New Rave

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New Rave
Stylistic origins
Cultural origins
Typical instruments
Mainstream popularity appeared in the late 90s rising in the early 00's, high mainstream popularity in the late 00s.
Regional scenes
Other topics
List of dance-punk artists - Punk-funk - Alternative dance

New Rave (sometimes labelled Nu Rave or Neu Rave) is a term applied to several types of music that go from fusing elements of electronic, rock, indie[1], to techno[citation needed], hip house, electro[citation needed], breakbeat[citation needed]. In Australia, it is also known as Electrindie[citation needed].

The British music magazine NME is largely responsible for popularising the term throughout 2006 and 2007, despite having claimed in mid-2008 reviews that "New Rave is over". The genre has connotations of being a 'new' version of 'rave' as well as being a corruption of the term 'new wave'.[2]

Klaxons,[3][4][5] Trash Fashion,[6] New Young Pony Club,[7][8][9][10], Hadouken!, Late of the Pier, Test Icicles, Bono Must Die[11] and SHITDISCO[3] are generally accepted as the main exponents of the genre.

The aesthetics of the New Rave scene are largely similar to those of the original rave scene, being mostly centred around psychedelic visual effects. Glowsticks, neon and other lights are common, and followers of the scene often dress in extremely bright and fluorescent colored clothing.[3][12] Indeed, many consider New Rave to be defined more by the image and aesthetic of its bands and supporters, than by the somewhat vague sonic criteria. Trash Fashion lead singer, Jet Storm has been described as the scenes very own pin up. [6][13]. Nevertheless, the usage of electronic instruments, a musical fusion of rock and dance styles, and a particular anarchic, trashy energy are certainly key elements.


[edit] Criticism

The actual sound of original Rave is barely (if at all) discernible (save some typical analog synth lines) in the majority of bands referred to as 'new rave' . Bands such as The Sunshine Underground,[14] Cansei de Ser Sexy, Solo Combo [15], and Hot Chip[16] are often labeled as New Rave due to their large following by fans of the genre, despite evolving in a different musical culture and, in some cases, a different country. M.I.A. has been described as "a new raver before it was old."[17] Several have publicly declared they have nothing to do with the genre. Indeed, even Klaxons have declared they are not New Rave, describing it as a "joke that’s got out of hand."[18] [19][12]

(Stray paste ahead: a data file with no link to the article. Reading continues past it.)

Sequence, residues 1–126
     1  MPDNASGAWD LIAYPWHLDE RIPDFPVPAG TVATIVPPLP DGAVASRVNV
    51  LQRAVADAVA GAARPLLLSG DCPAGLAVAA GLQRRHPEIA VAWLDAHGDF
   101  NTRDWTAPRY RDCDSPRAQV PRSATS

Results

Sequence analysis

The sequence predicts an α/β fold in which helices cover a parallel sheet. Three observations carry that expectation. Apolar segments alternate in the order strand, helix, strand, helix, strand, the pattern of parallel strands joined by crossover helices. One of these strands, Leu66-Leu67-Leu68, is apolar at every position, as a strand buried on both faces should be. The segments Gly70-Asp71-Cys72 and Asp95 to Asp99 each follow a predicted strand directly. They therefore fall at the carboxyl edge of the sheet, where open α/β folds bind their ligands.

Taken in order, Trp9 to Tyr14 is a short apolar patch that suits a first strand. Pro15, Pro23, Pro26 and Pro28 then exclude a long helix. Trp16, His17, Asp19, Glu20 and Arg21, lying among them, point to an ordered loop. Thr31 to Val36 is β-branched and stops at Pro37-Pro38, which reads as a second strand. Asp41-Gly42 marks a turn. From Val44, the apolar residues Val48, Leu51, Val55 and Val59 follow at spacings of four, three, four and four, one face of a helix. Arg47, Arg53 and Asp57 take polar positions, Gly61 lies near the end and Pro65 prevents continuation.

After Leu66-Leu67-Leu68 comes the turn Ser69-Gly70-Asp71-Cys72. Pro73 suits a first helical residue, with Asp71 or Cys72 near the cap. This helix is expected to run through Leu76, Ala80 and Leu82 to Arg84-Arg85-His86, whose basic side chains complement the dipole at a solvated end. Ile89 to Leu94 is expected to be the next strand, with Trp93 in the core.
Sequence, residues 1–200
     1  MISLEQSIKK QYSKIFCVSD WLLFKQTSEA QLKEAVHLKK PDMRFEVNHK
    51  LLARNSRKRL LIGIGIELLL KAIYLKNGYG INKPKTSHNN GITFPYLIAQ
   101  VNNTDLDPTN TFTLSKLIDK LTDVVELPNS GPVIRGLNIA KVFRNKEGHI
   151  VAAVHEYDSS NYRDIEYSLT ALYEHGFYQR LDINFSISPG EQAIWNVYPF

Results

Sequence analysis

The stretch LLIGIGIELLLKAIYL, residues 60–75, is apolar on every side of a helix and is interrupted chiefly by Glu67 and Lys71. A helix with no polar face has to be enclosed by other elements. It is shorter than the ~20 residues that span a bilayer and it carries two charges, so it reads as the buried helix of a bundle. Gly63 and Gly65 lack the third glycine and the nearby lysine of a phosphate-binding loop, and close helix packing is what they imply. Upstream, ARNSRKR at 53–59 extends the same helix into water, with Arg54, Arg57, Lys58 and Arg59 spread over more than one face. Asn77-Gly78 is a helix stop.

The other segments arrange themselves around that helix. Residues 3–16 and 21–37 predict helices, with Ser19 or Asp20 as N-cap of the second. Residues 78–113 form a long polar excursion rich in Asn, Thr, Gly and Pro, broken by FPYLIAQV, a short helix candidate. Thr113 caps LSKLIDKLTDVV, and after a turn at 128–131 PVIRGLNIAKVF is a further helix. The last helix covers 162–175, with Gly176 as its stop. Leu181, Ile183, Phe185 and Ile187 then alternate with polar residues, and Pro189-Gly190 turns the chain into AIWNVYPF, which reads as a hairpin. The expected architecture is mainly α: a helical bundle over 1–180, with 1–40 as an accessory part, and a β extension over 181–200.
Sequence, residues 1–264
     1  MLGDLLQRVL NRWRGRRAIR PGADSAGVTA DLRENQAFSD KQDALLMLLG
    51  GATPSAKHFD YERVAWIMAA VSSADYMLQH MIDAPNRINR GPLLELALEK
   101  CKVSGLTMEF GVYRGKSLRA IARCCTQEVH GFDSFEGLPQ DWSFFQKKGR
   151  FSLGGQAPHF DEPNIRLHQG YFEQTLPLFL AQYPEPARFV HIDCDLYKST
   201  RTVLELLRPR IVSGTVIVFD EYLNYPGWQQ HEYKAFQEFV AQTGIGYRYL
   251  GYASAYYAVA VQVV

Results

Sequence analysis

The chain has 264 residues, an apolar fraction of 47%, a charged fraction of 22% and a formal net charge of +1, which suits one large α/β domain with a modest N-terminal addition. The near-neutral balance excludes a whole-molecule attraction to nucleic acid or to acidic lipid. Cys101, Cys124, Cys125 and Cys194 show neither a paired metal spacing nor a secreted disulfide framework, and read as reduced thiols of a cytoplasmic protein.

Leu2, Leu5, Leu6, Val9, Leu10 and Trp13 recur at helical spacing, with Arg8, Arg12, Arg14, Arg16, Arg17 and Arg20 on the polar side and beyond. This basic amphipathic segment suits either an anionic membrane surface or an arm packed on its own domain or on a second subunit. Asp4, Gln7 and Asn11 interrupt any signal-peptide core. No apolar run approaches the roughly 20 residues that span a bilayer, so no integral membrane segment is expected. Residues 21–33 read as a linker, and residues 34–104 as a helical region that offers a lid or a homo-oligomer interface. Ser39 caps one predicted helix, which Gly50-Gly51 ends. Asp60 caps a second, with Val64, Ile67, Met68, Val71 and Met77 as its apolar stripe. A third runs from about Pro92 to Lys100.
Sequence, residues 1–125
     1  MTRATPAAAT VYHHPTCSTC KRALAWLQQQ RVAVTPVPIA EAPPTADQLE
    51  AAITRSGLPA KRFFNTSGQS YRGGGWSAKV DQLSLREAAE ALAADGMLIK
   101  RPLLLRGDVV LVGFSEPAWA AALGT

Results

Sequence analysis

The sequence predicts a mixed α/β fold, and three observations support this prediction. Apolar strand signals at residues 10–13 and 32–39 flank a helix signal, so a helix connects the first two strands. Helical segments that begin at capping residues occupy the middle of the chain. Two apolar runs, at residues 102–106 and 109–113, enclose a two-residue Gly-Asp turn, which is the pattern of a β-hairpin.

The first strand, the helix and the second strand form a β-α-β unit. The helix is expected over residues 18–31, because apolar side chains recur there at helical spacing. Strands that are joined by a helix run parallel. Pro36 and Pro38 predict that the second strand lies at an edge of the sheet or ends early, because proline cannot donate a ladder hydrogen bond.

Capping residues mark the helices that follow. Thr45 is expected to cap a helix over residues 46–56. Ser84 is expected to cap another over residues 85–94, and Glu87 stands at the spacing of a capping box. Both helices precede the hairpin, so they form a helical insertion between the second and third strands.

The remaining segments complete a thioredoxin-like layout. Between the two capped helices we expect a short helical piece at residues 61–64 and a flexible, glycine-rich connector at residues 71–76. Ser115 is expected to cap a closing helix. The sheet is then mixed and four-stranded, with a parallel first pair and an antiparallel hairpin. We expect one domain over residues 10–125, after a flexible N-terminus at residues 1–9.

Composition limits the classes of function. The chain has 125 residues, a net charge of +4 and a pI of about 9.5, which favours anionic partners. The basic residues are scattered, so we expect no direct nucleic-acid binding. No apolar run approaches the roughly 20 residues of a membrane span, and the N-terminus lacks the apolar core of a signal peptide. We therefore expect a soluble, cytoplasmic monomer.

In their review of the Klaxons' new album, Myths of the Near Future, the NME branded all ravers of the traditional rave scene “twats with baggy trousers”. [20]

The New Rave scene can be viewed as a media construct, largely propounded by the NME and TRAX with other publications treating the subject as a joke.[7] The belief that many of the bands associated with New Rave can more appropriately be associated with the genre of dance-punk has given credence to such suggestions, although differences between both genres are said to be minor and more down to aesthetics. John Harris has stated in The Guardian newspaper that the genre is nothing more than a "piss-poor supposed 'youthquake'" that will soon go out of fashion in the same way as rave.[7] In season 3 of the BBC comedy The Mighty Boosh, the song 'Eels' made satirical references to Nu-Rave, in an episode titled Eels.

[edit] See also

[edit] References

  1. ^ Rousing Rave from the Grave
  2. ^ Crystal Castles - Crystal Castles - Album Reviews - NME.COM
  3. ^ a b c The Observer. October 5, 2006Rousing Rave from the Grave; retrieved January 9, 2008
  4. ^ BBC News. January 3, 2007; Sound of 2007: Klaxons; retrieved March 31, 2007
  5. ^ The Observer. January 28, 2007;New Rave is Dead; Long Live the Klaxons; retrieved March 31, 2007
  6. ^ a b Times Online. November 12, 2006; Here we glo again; retrieved February 11, 2009
  7. ^ a b c The Guardian. October 13, 2006;New Rave? Old Rubbish; retrieved March 31, 2007
  8. ^ The Guardian. January 5, 2007; 2007's original soundtrack; retrieved April 12, 2007
  9. ^ Boston Globe. April 6, 2007; Meet the NEW rave. Same as the old rave?; retrieved April 12, 2007
  10. ^ Sunday Life. February 4, 2007; Music: Having a blast; retrieved April 12, 2007
  11. ^ The Guardian. January 5, 2007Music: Rave on, just don't call it 'new rave'; retrieved September 2, 2008
  12. ^ a b The Guardian. February 3, 2007; The future's bright...; retrieved March 31, 2007
  13. ^ BigShinyThing. October 12, 2006; God Help Us All: New Rave; retrieved February 11, 2009
  14. ^ "Sunshine Underground gig review". NME. Retrieved on 2007-07-18. 
  15. ^ "Ípsilon Solo combo and DJ Megamix 2009 live set review". Ípsilon. Retrieved on 2007-12-21. 
  16. ^ "Times Online Hot Chip Review review". Times Online. Retrieved on 2007-07-24. 
  17. ^ "Blog Rockin' Beats". The Guardian. 2007-08-18.,,2150297,00.html. Retrieved on 2008-05-12. 
  18. ^ Entertainment Wise. November 1, 2006;Klaxons: We're Not New Rave; retrieved March 31, 2007
  19. ^ Popworld interview. April 13th, 2007;Music News; Retrieved April 14th, 2007
  20. ^ NME Review: Klaxons - Myths Of The Future. March 4, 2007; Klaxons: Myths Of The Future; retrieved April 02, 2007

[edit] External links

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